Monday, March 23, 2009

Parents Are You Familiar With The Child Victims Act?

SAN DIEGO - MARCH 1: Alleged sexual abuse vici...Image by Getty Images via Daylife
I came across this great article by Marci Hamilton a Cardozo Law Professor, columnist of and author of "Justice Denied: What America Must Do to Protect Its Children", which explains the Child Victims Act and what it will do to protect children from sexual predators.
As a Catholic, I'm disappointed to find that the Catholic League for Religious and Civil Rights, along with the NY Civil Libierties Union (NYCLU), an organization like the ACLU, are opposed to this law which would expose child predators so that they are unable to prey upon our children again. What is different about this bill in relation to the current National Sex Offender Public Registry, which requires offenders to register in each state? The Child Victims Act will allow victims to report abuse and identify offenders five years beyond the current state statute of limitations laws and allows victims up to one year to file a court lawsuit in civil or criminal court, if the statute of limitations has expired.
Here are portions of that article, with highlights of the issue:
(On) March 18, the New York Assembly Rules Committee passed the Child Victims Act (Assembly Bill A02596/Senate Bill S02568), which will extend the criminal and civil statute of limitations for child sex abuse by five years. It will also open a one-year window of opportunity for child sex abuse victims to go to court even if their statute of limitations already had expired. The next stop is the full Assembly and then on to the Senate.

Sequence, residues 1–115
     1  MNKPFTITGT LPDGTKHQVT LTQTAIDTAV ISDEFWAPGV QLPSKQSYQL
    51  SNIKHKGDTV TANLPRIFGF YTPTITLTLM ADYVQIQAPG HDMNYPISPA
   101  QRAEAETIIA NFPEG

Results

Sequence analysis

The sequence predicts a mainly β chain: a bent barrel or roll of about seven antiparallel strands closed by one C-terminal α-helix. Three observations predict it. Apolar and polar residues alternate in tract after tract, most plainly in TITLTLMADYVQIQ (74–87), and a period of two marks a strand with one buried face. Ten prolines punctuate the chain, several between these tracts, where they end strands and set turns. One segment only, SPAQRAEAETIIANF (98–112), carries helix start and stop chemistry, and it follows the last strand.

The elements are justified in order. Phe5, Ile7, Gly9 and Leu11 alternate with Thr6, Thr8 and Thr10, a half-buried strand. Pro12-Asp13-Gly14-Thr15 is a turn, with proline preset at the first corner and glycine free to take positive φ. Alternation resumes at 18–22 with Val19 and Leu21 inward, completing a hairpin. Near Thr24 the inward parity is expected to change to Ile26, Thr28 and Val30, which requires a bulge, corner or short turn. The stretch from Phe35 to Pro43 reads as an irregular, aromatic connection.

The Child Victims Act was first introduced by Assemblywoman Marge Markey, who has doggedly stood by the bill. For three years, she shepherded it through the Assembly, only to be blocked by Sen. Joseph Bruno, now under federal indictment. Now that Democrats are a majority in the Senate and many support this bill, there is real hope that victims have a shot at justice in New York this time around.

Survivors for Justice, comprised of Orthodox victims and their supporters; and Orthodox rabbis have joined them on the sidelines. While a handful of rabbis joined the Catholic Conference to lobby members last week, the powerful Orthodox Union has issued a public statement that it will not be opposing the Child Victims Act. This is the largest Orthodox Jewish group in the country and a highly respected one. In a statement, the Orthodox Union said that it "generally supports the expansion of the statute of limitations to enable victims of sexual abuse to pursue legal claims" and is "not opposed to this legislation." In addition, according to a news story by Hella Winston for The Jewish Week, Uri L'Tzedek, another Orthodox Jewish organization, organized outreach to legislators as did the Committee for Safeguarding Orthodox Children and Am Echad. In addition, a new student group at Cardozo -- Cardozo Advocates for Kids -- has set up a website that will monitor statute of limitations developments nationally,; held a conference on abuse in religious communities; and organized a student phone-a-thon in favor of the bill.